Failing to plant enough will have negative consequences on your tank, which will be at risk of being overtaken by algae. Plants are responsible for stabilizing the ecosystem of your aquarium, consuming fish waste, and cleaning the water for your fish by absorbing ammonia and heavy metals.
Tanks generally become stable once plants occupy 70% of the aquarium space. Never hesitate to go heavy on your plants as you can always trim them when you have enough. Getting rid of algae, however, is going to be a lot more painful.
Hardscape and substrate
The biggest constraints of nano low tech tanks are going to be low space and low CO2. This will probably mean that you won’t get access to very lush and overgrown plants that will create stunning visual effects as you will have neither space nor the CO2 to grow them.
You will have to make use of easy to grow plants that don’t need massive quantities of CO2 and will grow reasonably. In a low tech nano tank, the “wow” factor of your tank will fall on the shoulders of your hardscape rather than your plants.
You are going to use simple plants together with a much more complex hardscape to create stunning visual effects. Get inspiration from the various styles available and see how best you can use hardscape.
Styles such as Iwagumi can give you great ideas on how to achieve gorgeous landscapes by using primarily hardscape; after all, this style is all about using rocks. Relying on your hardscape will allow you to have way better results since you won’t lose your time trying to grow demanding plants that require a lot of resources.
Other than substrate is also a capital element to any aquarium, and nano low tech tanks are no different for that. I recommend you use soil substrate for your tank. Soil helps low tech tanks greatly since they carry much more nutrients that your plants will feed on.
Other than soil is great for your plants as they will be able to root themselves easily in it, this will boost the development and proliferation of good plant and fish bacteria as well as offering stability to your tank ecosystem.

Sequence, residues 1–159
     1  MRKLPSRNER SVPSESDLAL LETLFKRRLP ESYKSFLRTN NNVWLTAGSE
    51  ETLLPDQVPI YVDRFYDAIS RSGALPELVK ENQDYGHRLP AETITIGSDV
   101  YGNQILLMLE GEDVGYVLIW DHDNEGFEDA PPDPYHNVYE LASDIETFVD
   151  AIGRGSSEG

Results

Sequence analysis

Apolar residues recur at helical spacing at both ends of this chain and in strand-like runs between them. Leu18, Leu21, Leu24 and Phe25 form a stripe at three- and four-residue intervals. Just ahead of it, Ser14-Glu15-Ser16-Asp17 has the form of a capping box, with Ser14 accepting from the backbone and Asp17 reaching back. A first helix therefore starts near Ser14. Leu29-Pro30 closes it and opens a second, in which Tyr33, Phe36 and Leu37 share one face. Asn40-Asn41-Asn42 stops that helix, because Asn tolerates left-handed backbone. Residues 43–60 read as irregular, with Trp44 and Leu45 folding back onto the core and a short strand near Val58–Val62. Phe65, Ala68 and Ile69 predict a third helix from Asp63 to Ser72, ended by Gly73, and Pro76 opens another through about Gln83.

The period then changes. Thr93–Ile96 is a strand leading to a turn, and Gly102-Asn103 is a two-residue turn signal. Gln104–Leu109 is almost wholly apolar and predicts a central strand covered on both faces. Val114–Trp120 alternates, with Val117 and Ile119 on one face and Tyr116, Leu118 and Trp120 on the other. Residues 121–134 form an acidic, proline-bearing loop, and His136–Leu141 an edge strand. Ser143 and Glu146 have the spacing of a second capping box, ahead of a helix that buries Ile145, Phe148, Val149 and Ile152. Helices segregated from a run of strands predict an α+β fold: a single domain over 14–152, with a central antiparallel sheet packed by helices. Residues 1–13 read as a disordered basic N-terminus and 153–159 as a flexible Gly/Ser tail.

Soil is extremely useful for nano low tech tanks when decomposed. It will release CO2 in the tank for your plants. This means you will get a CO2 source without doing anything, adding this on top of the easier CO2 circulation provided by your shallow tank, and you will have a great supply without using any high tech injector.
Even if your plants still lack CO2 to grow, soil properly has a track record of having better chances to grow plants properly, even under a CO2 deficit. With all those benefits, you can be assured that growing a thriving planted tank is possible even with a nano low tech tank.
But maximizing your chances is going to be crucial if you want to achieve a decent result as you need to get everything perfect. For this reason, you should go for the soil-based substrate as it is just way better than sand and gravel for growing plants without CO2 injectors.
As you’ve learned nano low-tech tanks can be a great way to start aquascaping if you’re a beginner or if you don’t have much time for maintenance. Even though it’s considered lower-tech, it doesn’t mean it’s bad, and it can give you impressive results for the lower amount of time and money you will spend maintaining a nano low tech tank compared to a high tech one.
Now that you know all the crucial steps to make a great nano low tech tank, you will be able to make your own provided you follow the guidelines and work diligently selecting the best plants, hardscape, substrate, fertilizer, and tank. Nano low tech tanks are all about efficiency.
They will turn less money, time, and space into a relatively satisfying result compared to the enormous quantities high tech tanks require to give great results. Keep in mind that even though nano low tech tanks require less work, time, and items, it doesn’t mean you can do whatever you want and still get a great result.
Since you will have less to do and less to showcase in your tank than in a high tech tank, you will need everything to be perfect. Such is the price of efficiency when working with a nano low tech tank.